By Brittney McKenna
To vape or not to vape? That's the question on the lips of many a smoker. Potential benefits like decreased health risks and fewer restrictions on vaping in public have been touted by marketers and studies alike. But new research increasingly indicates that vaping is still bad for you, and that's rapidly affecting one of the biggest groups adopting e-cigarettes: teens.
A CDC study says e-cigarette use among middle school students tripled from 1.1 to 3.9% between 2013 and 2014. The numbers are even more dire for high school students -- theirs spiked from 4.5 to to 13.5% percent over the same period of time.
These are scary statistics given new research from the American Physiological Society. Their findings "suggest nicotine in any form is damaging to lungs." Even e-cigs with no nicotine content can also be dangerous to users' lung health, the study found.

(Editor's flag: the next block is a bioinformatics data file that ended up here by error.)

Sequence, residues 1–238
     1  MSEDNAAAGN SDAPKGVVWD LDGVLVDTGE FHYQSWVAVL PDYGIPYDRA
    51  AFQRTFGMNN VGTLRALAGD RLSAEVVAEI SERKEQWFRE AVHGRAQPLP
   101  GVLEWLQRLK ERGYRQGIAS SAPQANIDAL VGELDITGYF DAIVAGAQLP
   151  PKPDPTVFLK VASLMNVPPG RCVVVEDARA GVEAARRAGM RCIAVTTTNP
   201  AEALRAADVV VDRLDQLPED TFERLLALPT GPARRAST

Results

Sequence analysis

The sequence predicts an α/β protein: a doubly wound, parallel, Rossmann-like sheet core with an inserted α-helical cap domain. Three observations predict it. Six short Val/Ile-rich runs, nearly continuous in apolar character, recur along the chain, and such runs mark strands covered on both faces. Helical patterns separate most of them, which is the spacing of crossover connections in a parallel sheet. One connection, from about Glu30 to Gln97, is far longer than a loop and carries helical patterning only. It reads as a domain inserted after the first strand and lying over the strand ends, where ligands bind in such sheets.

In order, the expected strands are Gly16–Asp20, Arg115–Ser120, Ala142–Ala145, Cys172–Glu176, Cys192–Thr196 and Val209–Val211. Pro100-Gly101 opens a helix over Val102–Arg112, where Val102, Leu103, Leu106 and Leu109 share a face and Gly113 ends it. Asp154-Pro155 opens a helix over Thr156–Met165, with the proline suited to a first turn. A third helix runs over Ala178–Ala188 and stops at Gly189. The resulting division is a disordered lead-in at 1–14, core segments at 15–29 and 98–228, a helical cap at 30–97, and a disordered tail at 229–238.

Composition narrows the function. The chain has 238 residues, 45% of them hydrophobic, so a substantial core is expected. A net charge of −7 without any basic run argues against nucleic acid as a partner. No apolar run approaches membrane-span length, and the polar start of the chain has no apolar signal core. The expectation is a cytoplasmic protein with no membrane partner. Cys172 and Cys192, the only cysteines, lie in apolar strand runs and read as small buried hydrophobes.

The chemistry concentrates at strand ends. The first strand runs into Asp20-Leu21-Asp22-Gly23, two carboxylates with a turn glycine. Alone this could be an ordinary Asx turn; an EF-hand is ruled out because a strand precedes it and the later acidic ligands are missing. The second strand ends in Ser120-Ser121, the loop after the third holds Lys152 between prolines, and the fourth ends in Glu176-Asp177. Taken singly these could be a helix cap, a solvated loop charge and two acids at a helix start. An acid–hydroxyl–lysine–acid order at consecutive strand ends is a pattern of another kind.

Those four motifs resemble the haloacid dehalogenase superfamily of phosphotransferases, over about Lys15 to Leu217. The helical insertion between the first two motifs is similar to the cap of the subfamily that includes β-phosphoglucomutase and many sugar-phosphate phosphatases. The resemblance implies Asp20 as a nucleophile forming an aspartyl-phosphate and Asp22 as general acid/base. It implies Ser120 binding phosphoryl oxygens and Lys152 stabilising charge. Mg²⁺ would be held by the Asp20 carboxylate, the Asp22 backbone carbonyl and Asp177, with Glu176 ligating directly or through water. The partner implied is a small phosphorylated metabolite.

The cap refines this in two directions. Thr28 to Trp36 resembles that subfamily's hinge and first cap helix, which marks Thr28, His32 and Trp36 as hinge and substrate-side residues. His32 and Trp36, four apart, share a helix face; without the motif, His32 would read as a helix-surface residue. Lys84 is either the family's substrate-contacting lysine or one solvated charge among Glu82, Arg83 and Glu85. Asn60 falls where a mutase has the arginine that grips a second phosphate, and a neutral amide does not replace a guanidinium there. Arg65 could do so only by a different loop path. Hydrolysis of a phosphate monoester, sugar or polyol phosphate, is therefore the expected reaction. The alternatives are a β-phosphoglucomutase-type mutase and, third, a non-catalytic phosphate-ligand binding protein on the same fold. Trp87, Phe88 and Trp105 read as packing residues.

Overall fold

Researchers determined the correlation between e-cigarettes and lung damage by exposing both mice and humans to a variety of tobacco products, including e-cigarette solution with and without nicotine.
"The increased use of inhaled nicotine via e-cigarettes, especially among the youth, prompts increased research into the effects on health. This research reports that components found in commercially available e-cigarette solutions and vapors generated by heating them may cause lung inflammation,” lead researcher Irina Petrache, Ph.D. said in a press release.
Many schools have long had anti-smoking education programs, but based on this research, it looks like it's time to introduce anti-vaping education too.